3) READ UP. Search the Internet or read magazines or books on vegetarianism. The Mid-Hudson Vegetarian Society can provide recipes and books as well as free Vegetarian Starter Kits and other free literature. See the listings in the sidebar for a wide variety of resources.

4) Haunt Health Food Stores. There are health food stores in Rhinebeck, Red Hook, Kingston, Poughkeepsie, Hudson, and elsewhere in Dutchess, Ulster, and Columbia counties and the Berkshires. If you can’t find a health food store near you, look for the special Health Food section of most supermarkets. I have found people who work at health food stores to be very helpful; they will point you to certain foods and even tell you how to cook them.

5) Buddy Up.  Ask a vegetarian friend for help with questions or recipes. Or, contact the Mid-Hudson Vegetarian Society, which has started a “Veggie Buddy” program. Call Joan (518-828-8223) or Robbie (845-876-2626) for information about how you can be assigned your own veggie buddy to arrange cooking sessions, help you shop, and perhaps join you for lunch or dinner in a veggie-friendly restaurant. Even if a restaurant is not a so-called vegetarian restaurant, I have found that most good restaurants will accommodate vegetarians, though you have to be willing to ask. This is where a veggie buddy can come in handy; most of us have become experts at getting what we want when eating out. On several occasions I have gone to the finest restaurant in my town, which had no vegan items on the menu, and asked for a vegan dinner. They have come up with masterpieces that were the envy of my meat-eating dinner companions—on one occasion they made cous cous with well spiced local vegetables; another time I was served a delectable stuffed eggplant.

6) Dispel Protein Myths. The first question people invariably ask me when I tell them I am a vegetarian is “How do you get enough protein?” Let me put this myth to rest. According to a Zogby poll conducted in 2000, in an estimated 2.5% of the U.S. population can be considered vegetarian, and about 4.5% of Americans do not eat meat, yet there are virtually no cases of kwashiorkor (protein deficiency disease) in this country. Although for many years I have not eaten what many people consider the top protein foods (meat, cheese, milk, fish, or eggs), I am quite healthy for my age. High plant protein sources include nuts, soybeans and other beans, legumes, grains and rice. I do take a vitamin B12 supplement because vegans can have a deficiency of this vitamin and I try to eat foods that are fortified with, or are high in B12 (such as tempeh and nutritional yeast), which can be purchased at health food stores. I also take a calcium supplement and vitamin D because I am post-menopausal and loss of bone is a frequent problem in women my age as estrogen dwindles. I also try to eat vegetables high in calcium. Ounce for ounce cooked beans provide almost as much calcium as milk. Also grains such as amaranth and some fruits are high in calcium and many soy milks and other vegetarian foods are fortified with vitamin D or calcium.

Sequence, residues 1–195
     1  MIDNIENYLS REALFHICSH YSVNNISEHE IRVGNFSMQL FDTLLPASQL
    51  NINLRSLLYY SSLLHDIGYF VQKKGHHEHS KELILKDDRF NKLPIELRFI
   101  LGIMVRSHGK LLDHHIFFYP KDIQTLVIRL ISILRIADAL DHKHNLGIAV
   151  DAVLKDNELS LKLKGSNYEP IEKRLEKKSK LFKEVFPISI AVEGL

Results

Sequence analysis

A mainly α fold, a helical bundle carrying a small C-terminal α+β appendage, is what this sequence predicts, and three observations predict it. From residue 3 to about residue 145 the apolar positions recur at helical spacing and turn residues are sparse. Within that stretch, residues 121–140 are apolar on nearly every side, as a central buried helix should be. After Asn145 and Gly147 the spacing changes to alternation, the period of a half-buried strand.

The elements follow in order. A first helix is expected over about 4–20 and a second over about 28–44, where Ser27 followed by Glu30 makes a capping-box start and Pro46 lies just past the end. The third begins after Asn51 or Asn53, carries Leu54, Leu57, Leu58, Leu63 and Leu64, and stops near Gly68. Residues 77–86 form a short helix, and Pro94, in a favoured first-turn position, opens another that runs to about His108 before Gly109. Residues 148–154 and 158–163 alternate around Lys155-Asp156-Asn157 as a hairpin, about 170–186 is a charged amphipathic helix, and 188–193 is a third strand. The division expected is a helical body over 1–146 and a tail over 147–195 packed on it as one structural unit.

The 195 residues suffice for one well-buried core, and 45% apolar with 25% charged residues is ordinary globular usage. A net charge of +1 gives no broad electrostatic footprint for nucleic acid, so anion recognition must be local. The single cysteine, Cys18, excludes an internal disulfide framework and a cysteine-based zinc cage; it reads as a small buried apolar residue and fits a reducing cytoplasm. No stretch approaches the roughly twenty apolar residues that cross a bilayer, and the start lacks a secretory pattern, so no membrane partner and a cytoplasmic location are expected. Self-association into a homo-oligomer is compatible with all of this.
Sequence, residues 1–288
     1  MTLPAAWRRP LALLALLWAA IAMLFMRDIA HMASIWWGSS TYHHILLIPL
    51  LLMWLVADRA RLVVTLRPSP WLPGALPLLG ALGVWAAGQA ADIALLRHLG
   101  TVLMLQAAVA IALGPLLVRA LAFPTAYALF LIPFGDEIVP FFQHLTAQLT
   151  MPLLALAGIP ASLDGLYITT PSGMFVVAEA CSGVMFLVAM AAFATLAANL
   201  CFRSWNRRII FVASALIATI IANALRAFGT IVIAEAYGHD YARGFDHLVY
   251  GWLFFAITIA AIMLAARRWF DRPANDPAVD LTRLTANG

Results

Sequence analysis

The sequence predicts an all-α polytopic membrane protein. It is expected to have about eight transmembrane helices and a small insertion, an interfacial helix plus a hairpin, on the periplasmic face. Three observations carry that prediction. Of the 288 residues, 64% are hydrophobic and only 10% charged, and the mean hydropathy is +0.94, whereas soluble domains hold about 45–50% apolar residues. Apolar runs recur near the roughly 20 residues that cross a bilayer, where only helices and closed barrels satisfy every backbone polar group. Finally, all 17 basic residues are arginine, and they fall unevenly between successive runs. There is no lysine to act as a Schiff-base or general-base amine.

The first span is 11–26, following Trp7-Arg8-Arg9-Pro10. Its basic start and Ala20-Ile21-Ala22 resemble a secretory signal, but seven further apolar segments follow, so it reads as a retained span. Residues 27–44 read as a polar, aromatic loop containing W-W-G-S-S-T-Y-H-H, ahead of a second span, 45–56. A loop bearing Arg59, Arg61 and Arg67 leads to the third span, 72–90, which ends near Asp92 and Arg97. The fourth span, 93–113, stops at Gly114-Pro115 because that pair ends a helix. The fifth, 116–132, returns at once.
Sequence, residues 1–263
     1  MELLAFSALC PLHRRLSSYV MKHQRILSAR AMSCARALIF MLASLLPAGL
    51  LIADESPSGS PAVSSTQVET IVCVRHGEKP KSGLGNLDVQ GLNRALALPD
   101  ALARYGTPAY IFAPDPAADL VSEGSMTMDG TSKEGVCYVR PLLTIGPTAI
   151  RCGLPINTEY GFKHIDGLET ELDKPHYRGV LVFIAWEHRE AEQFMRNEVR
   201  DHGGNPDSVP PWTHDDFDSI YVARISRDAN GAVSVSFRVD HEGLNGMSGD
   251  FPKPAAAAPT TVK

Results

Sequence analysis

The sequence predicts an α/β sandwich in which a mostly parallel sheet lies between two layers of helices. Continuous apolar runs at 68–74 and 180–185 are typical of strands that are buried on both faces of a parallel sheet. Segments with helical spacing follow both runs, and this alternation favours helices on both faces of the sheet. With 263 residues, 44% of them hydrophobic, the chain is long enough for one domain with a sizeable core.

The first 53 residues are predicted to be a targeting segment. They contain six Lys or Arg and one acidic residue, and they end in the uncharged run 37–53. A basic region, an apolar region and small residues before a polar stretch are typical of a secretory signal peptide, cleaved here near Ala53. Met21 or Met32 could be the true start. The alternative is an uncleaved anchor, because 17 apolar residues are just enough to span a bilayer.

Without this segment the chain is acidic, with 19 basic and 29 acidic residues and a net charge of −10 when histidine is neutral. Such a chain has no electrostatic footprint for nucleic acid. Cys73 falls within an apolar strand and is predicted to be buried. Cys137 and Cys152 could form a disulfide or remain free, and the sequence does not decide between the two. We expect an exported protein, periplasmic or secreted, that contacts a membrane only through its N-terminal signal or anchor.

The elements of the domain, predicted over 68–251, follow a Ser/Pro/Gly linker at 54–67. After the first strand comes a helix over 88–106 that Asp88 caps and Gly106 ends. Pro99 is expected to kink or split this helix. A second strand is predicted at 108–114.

7) Learn to Love Tofu. Tofu, or soy bean curd, is a common and inexpensive soy product that is available in nearly every grocery store. It is a high quality, and complete protein, with all eight essential amino acids. There are two varieties of tofu. Firm Tofu is more versatile; in fact, some people consider it as versatile as a potato. Silken Tofu, which is rather custard-like, can be used to make a whipped cream substitute and can be used in soups. It does not fry well.

What else can you do with tofu? How about a breakfast scramble, veggie chili, or low-fat pumpkin pie? Tofu takes on the flavor of whatever you add to it. According to nutritionist Donna Ziobro of Wake Forest University, research shows that soy protein in tofu can help prevent heart disease, breast cancer, and some menopausal symptoms. And tofu is just one of several good sources of soy protein. Other sources include soy milk, soy powder, miso (a soybean paste) and tempeh (fermented soybean mixed with grain). Tempeh is one of my favorites. It is very nutty and I stir fry it, put balsamic vinegar on it, and use it as a sandwich or in small pieces in salad